Thank heaven for tomorrow because today I’m just…
Today I’m incredibly grateful for technology.
In particular, I’m feeling very grateful for the fact that I have Internet access and social media networks to let me stay in close contact with friends and family who are far away.
It’s such a blessing to hear the voices of my sister in California and my dear friend in Nigeria… and that was just today!
Thanks to decent internet and devices, I get to see my mother’s face from all the way in Arkansas. I can have a quick chat with my friends and relatives in Hawaii, Indiana, Washington State, DC, New York and New Orleans. Heck, I recently got to do a virtual reunion via video chat with my grad school classmates who are now scattered all around the world.
Not long ago, close friendships with such a widely scattered circle would have been impossible. More recently, they would have been prohibitively expensive.
On a day when work is busy, and the news is stressful, technology helped me connect with some of the folks I love and I’m so grateful for it.
Today I’m extra grateful for my rambunctious three-year-old.
Though he is brilliant and beautiful, I don’t think the world revolves around my little guy. He does brighten MY world every day.
Babies and toddlers don’t really have a sense of time. To them, life is all about the present moment. No amount of meditation or mindfulness can compare to my son’s request of “let’s play together!” to get me to drop everything else and just enjoy a moment.
I try to model good stress management, and I think it must be rubbing off because he occasionally requests to “go out on the deck and see.” This is our version of a grounding exercise using the five senses, but rather than counting, we just sit very close together on a special spot on the deck and talk quietly about the things we can see, hear, smell and feel. At this point I can’t tell if he asks because he needs to feel grounded or if knows *I* need it, but either way I am grateful.
And joy! Man this kid enjoys life. It’s infectious how much he enjoys singing and food and jumping and rolling anything even vaguely round all over the house. Basically unless it is sleeping, this child enjoys it.
What a blessing to live with a little joy factory!
I’m up early and today I’m really grateful for the arrival of the fall.
This spring and summer were brutal. When day care closed in March, it was already hot. Usually we can cool off in the sea but between the vehicle going down, the lockdown and curfew, and wanting to avoid crowds, it was more difficult than usual this year.
Now though, the mornings and evenings are chilly. The days are still warm, but not oppressive. Spending the day at home is no longer such a sweaty proposition.
Another reason to be grateful for autumn is that soon the Atlantic Hurricane Season will be over and we’ll be able to breathe a little easier.
Getting close to the end of the year is also an opportunity to begin assessing what I’ve accomplished for the year.
Looking back on 2020 so far, there are a lot of things that had to be cancelled or adjusted for COVID-19, but I can see that I’ve built some good habits for myself and my family. We cook together. We walk together. We workout together. It’s just nice.
This time of year also reminds me of the potential of the year to come. A new year will bring new opportunities, plus, I feel optimistic that I can try again with some of the things that didn’t work out the way I’d hoped they would this year.
Welcome fall! I’m so grateful for the opportunity to reflect and reset.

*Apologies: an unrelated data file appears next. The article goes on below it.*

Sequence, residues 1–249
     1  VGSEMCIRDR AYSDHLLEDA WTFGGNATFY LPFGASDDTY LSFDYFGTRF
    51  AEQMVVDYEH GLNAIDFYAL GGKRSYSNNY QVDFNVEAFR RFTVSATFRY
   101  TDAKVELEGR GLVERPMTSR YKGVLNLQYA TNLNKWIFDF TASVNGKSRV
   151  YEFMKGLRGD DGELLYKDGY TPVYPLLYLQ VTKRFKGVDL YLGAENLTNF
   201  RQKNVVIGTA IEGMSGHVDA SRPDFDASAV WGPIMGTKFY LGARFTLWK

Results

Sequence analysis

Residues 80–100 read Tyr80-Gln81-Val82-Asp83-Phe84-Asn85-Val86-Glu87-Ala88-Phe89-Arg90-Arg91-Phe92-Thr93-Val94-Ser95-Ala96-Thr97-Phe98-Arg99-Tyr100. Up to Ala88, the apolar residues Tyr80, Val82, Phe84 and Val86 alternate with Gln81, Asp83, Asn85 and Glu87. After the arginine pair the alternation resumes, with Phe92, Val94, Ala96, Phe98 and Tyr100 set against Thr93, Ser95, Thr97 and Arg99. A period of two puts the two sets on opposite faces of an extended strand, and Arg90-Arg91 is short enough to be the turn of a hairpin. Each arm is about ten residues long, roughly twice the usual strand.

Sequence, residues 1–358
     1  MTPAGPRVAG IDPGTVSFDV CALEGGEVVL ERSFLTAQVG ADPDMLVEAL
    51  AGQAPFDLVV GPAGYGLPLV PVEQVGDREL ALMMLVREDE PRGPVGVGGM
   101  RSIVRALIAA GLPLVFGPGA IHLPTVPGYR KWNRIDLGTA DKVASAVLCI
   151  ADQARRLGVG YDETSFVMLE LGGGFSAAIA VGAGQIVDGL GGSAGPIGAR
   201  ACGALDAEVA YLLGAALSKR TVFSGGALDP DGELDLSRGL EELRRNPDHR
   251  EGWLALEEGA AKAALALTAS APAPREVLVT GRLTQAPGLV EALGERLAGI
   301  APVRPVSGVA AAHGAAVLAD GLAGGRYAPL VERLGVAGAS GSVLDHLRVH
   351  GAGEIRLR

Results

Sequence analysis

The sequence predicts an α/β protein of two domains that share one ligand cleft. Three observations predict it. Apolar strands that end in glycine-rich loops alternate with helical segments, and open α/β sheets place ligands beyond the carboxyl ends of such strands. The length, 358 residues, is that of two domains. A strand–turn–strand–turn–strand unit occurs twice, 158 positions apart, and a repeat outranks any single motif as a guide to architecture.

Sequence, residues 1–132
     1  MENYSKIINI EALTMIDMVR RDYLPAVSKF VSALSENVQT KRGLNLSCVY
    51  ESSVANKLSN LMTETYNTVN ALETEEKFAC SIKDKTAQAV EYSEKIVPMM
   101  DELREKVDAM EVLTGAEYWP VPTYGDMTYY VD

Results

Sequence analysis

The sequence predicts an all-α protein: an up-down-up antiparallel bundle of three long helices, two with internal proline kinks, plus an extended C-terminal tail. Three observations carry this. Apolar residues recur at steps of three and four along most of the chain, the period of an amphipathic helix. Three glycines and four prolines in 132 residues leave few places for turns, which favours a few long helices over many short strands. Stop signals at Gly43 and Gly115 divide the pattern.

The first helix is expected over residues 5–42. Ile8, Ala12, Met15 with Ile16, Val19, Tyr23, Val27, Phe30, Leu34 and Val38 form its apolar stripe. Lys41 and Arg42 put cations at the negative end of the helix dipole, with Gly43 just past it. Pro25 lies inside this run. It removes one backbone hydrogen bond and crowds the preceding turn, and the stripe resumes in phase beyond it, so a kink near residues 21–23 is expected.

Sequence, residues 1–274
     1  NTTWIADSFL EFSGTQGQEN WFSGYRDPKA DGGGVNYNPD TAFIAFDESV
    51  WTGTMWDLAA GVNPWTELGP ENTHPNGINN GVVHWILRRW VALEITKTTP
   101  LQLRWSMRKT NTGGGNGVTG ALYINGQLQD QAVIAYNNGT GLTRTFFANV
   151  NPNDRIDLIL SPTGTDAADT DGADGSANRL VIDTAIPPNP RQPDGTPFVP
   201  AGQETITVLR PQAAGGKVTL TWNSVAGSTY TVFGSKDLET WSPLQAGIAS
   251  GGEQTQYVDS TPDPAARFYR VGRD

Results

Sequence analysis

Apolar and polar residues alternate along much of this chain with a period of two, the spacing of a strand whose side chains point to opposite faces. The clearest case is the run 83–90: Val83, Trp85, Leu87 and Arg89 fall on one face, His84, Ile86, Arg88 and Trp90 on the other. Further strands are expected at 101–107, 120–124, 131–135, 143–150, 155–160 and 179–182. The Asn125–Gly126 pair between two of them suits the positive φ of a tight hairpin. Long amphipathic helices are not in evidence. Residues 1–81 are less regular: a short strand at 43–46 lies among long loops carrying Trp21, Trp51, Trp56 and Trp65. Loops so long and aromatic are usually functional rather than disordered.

Today I am grateful for my job, which lets me support my family and use my talents to educate and inform my community.
The COVID-19 pandemic has thrown a lot of the world into economic uncertainty, so employment itself is worth being thankful for. I am particularly blessed because I earn enough to support my little family in a comfortable, if humble, lifestyle.
What’s more, I am blessed to work with folks who — faced with significant challenges of their own — extend a great deal of understanding and grace in my direction. My peers help me celebrate wins, my supervisors save me from my own mistakes, and the folks I work with in the community are engaging and supportive.
Since writing is a huge part of my identity, it’s delightful that so much of what I do is writing. Far more fulfilling is the work I get to do with people. I get to speak to youth and church groups, help other agencies get ready for emergency drills, visit businesses to talk about hazard preparedness, even assist schools with being safer and greener, and I love it.
Looking back, I have been very blessed indeed in my work life. At just 18, I learned how to work hard in a restaurant. Because it was a company that values progress and development, my college courses and later, my internship and even my first reporting job, could all be accommodated in my work schedule.
Some folks look down on “burger flippers,” but I learned a ton there, from cash handling to food safety and from dealing with complaints to managing inventory. I still get compliments on how friendly I sound over the phone. My voice was perfected over long hours working the drive thru speaker.
I’ve now made it one-quarter of the way through the month of gratitude. It’s been nice sharing here, and even nicer noticing how many things there are to be grateful for as I go about my days. I hope you are finding reasons to be grateful too!
Today is Halloween, also known as All Hallows’ Eve, so it seems like the right day to be grateful for my ancestors.
I was blessed to get to know my grandparents and even one great grandparent growing up. To hear even a little about their varied lives has gifted me with a sense of history and progress as I’ve set and achieved goals for my own life.
I was far from the only student of color who learned the whitewashed version of World War 2 in high school; but thanks to my grandmother’s efforts throughout my childhood to secure the veterans benefits that had been promised to her father and the other Filipinos who joined the US Military in that conflict, I also learned about systemic racism and one way that it played out for a generation of Asian and Pacific Islanders.